How can online conference platforms—and the events they host—move away from approximating in-person events and actually delivering a better online experience? There are tons of ways, for example:

  1. Focus more on usability and less on aesthetics. A virtual conference platform can still display branding for sponsors, but it doesn’t have to be faux signs unfurled from cartoonish ceilings. Similarly, there’s no need to make visitors virtually trudge across acres of expo space when they can quickly identify the exhibitors that are of interest and click to visit those.
  2. See events as part of a bigger online experience. The line is blurring between one-time events, long-term online communities and year-round learning. Although a single online platform may not do all of these perfectly, it’s easy to see how a virtual conference should be seamlessly connected to an online community, which should be integrated with year-round training and learning opportunities.
  3. Leverage technology to fix pain points. A lot of what we experience on a virtual event platform is a very faithful recreation of what happens in person, but perhaps unnecessarily so. For example, although online events allow for much larger audiences, they still often ask the audience for questions as if it’s a small room with 20 people. While present in some virtual event platforms, the ability for a large audience to upvote questions so the best ones rise to the top is a simple innovation versus in-person meetings and leads to a better experience.
  4. Allow digital tools to reshape presentations. As a foundation, virtual conference platforms have prioritized using the same old slideshows we see at convention centers. However, there are a slew of other collaborative technologies that would be difficult to use in person, but are easy to include when every attendee is sitting at a computer. It doesn’t need to be fancy virtual reality; it might be as simple as a virtual whiteboard that’s integrated into the default presentation space.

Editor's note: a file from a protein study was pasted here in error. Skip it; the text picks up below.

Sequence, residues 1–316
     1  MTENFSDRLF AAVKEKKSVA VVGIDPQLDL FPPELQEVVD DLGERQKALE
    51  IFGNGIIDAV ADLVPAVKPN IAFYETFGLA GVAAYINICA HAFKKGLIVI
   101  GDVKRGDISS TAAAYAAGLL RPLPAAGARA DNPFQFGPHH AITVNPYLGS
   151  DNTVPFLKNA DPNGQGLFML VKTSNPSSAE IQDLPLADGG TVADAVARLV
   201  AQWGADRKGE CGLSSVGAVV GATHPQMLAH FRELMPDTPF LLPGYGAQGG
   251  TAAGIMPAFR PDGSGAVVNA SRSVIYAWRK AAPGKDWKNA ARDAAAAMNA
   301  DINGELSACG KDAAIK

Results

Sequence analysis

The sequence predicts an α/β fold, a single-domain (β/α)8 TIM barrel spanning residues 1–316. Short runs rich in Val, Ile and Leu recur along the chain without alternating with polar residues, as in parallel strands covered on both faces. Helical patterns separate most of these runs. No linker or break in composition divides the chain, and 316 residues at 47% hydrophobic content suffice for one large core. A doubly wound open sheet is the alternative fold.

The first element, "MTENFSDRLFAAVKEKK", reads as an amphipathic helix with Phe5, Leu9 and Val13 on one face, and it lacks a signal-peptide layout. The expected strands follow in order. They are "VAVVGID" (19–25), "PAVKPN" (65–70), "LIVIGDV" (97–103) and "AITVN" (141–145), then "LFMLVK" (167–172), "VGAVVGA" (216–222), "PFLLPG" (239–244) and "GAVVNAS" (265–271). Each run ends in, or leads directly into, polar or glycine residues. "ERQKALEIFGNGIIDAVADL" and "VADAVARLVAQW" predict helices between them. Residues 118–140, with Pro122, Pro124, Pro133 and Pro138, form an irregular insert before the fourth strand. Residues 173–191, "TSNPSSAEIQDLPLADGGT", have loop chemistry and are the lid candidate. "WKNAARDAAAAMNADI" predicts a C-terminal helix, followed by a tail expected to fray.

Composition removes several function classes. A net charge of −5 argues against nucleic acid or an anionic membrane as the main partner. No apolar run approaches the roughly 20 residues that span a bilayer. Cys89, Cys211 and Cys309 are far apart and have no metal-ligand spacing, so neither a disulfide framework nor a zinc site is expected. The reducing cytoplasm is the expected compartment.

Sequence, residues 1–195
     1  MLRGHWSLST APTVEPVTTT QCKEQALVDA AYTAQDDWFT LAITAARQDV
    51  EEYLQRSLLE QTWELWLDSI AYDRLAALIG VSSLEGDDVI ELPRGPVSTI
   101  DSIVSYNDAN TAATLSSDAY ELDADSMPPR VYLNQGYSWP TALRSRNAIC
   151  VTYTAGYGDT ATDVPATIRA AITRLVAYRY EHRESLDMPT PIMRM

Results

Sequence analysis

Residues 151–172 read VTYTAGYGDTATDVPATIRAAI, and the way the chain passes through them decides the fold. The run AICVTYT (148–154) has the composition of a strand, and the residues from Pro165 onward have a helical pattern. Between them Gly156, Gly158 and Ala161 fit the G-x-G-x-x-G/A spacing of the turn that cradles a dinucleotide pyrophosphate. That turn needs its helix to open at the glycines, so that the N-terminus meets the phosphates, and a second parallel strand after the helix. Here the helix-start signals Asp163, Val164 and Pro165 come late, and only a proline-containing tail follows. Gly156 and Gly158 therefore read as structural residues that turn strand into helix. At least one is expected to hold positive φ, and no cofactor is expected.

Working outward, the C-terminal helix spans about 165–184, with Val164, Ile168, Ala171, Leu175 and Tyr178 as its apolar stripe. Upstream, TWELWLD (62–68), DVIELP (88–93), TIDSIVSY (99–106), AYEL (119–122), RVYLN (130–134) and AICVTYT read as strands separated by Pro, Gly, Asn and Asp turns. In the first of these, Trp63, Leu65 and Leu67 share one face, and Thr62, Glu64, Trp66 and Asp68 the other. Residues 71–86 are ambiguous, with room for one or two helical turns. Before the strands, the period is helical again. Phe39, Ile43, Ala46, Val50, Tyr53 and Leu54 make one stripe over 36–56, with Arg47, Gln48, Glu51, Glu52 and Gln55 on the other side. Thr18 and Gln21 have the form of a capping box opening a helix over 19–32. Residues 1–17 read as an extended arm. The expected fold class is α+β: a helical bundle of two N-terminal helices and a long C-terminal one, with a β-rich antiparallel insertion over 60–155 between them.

5. Enable better networking. In-person events may get lots of people together under the same roof, but it becomes very difficult to find the needle in the haystack in terms of a great person that you should meet. Networking is very much left to serendipity with in-person events. If you’re lucky, you meet somebody in the lunch line, that person happens to share an interest of yours and you strike up a conversation. Instead of mimicking that hit-or-miss randomness, online meeting platforms could deliver on-target connections much as Netflix or Amazon make recommendations. And it doesn’t need to look like sitting at a virtual table or talking in a realistic hallway so long as the interaction is good.

Like the legion of other websites that successfully weaned themselves off recreating an in-person experience, virtual conference platforms should be embracing their opportunity to improve events. In lieu of virtual conference platforms promoting a digital facsimile “just like” the in-person version, let’s hope the guiding spirit is that online meetings are “new and improved.”

This article was originally published in Forbes.